Tooth-picks occur early of silver; but pieces of wood, or of feathers with a red end (as quills in our day), were most usual. The tooth-pick is the Anglo-Saxon toth-gare.
The old name was Pick-tooth: it was imported by travellers from Italy and France, and the using of it was long deemed an affected mark of gentility. It was worn as a trophy in the hat; and Sir Thomas Overbury describes a courtier, the pink of fashion, " with a pick-tooth in his hat." Bishop Earle says of an idle gallant, "his pick-tooth bears a great part in his discourse." Magnetic tooth-picks were made at the end of the seventeenth century.”
A toothpick was considered ‘the distinguished mark of a traveller’ as early as 1600. Ben Jonson in his satirical play Cynthia’s Revels defines a traveller as ‘ … one so made out of the mixture and shreds of forms, that himself is truly deformed. He walks most commonly with a clove or a toothpick in his mouth.’
One might carry around one’s toothpick, and use it publicly, but one had to be elegant too. Here is some advice, from Practical Morality; Or, A Guide to Men and Manners (1831)
‘When the table is cleared, to carry ahout your toothpick in your mouth, like a bird going to build his nest, or to stick it hehind your ear, as a barber does his comb, is no very genteel custom.’
Finally, the Dark Side of the story. The simple little toothpick has also been used as a murder instrument, if we are to believe the story of Agathocles, King of Sicily. He died in 289 BCE, aged 72 years, some say at the instigation of his ambitious grandson who persuaded a once-faithful servant to give his maser a poisoned toothpick. The gruesome variation of the tale says that the poison made the King’s mouth gangrenous, making him unable to speak - for which reason he was burned alive on a funeral pyre.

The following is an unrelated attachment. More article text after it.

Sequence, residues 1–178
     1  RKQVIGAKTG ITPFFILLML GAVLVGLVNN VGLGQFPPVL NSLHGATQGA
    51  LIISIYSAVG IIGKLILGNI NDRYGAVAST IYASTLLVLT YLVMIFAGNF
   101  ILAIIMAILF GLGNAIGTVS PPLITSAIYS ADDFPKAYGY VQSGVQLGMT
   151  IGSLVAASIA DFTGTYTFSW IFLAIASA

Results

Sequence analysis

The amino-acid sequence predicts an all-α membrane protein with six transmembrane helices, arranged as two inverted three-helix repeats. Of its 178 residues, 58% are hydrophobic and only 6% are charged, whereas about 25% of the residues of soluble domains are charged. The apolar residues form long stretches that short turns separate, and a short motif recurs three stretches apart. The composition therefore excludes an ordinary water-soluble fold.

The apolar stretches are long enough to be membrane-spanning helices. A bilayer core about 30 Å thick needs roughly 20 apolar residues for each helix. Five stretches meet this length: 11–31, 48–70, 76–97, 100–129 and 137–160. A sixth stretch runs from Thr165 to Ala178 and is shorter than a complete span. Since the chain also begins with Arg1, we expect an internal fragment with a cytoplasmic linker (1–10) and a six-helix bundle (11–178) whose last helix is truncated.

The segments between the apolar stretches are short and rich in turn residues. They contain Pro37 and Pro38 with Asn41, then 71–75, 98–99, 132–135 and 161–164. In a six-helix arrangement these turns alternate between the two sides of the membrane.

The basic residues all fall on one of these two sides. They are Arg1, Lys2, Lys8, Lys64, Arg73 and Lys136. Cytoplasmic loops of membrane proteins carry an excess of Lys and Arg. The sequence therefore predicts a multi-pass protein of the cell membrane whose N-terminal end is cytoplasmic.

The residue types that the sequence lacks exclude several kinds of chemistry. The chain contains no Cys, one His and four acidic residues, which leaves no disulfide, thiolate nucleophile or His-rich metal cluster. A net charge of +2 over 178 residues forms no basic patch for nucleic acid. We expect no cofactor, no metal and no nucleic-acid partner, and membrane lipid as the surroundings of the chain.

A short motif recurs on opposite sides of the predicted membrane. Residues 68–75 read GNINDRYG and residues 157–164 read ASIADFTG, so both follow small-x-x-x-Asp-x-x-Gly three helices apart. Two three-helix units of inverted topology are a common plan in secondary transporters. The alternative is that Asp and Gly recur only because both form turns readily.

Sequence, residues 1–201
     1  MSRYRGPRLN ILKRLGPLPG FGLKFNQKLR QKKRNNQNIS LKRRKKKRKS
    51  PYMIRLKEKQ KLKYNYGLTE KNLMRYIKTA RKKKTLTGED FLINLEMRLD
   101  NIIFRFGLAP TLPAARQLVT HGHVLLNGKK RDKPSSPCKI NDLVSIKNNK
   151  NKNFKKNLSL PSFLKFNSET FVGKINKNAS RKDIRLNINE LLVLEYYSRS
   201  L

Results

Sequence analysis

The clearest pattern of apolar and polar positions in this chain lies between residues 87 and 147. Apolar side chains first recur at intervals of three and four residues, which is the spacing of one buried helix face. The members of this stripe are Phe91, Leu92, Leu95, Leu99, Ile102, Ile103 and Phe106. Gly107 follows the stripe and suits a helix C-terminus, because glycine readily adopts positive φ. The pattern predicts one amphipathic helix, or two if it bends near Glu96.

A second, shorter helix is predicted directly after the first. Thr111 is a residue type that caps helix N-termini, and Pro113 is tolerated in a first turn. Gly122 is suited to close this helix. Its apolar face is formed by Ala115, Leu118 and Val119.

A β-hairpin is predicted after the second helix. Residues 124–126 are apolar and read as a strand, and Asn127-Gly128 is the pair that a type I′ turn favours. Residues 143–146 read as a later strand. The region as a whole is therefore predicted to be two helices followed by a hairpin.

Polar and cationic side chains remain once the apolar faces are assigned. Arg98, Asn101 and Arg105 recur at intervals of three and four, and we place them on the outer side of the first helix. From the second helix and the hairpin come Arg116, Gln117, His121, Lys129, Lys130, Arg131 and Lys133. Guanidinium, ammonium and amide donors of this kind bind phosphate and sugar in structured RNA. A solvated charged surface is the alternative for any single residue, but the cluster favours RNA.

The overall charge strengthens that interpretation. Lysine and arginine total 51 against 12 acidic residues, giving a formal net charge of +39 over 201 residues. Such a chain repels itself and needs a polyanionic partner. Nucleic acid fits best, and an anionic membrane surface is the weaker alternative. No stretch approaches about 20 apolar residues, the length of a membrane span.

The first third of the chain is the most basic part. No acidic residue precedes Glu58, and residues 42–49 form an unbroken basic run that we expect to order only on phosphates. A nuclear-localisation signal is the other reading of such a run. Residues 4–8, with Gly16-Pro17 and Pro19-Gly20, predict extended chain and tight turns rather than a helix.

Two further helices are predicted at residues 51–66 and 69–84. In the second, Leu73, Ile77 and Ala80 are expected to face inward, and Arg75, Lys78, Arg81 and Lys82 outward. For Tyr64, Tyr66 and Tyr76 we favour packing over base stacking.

Poisoned versions aside, there is something about the idea of individual enduring toothpicks that intrigues. Do we have a last minute gift-idea here for the idle gallant / distinguished traveller / person who has everything in your life? A toothpick case with gold or silver toothpicks? A metallic hatband with toothpick? Shall we see designer toothpicks on the market soon? Toothpicks with corporate logos? Modern folk like us would probably insist on some self-sterilising system incorporated in the design of the case, but this should not be a challenge for engineers of all things tiny, should it?
Today’s recipe will not precipitate toothpick- anxiety. No shreds or seeds to stick between the teeth. A nice variation on egg-nog for you, from the Dictionary of obsolete and provincial English by Thomas Wright (1857)
A drink made with the yolks of twelve eggs, a quart of strong home-brewed beer, a bottle of white wine, half a pint of gin, a grated nutmeg, the juice from the peel of a lemon, a small quantity of cinnamon, and sugar sufficient to sweeten it.
Quotation for the Day …
Unless we make Christmas an occasion to share our blessings, all the snow in Alaska won't make it 'white'."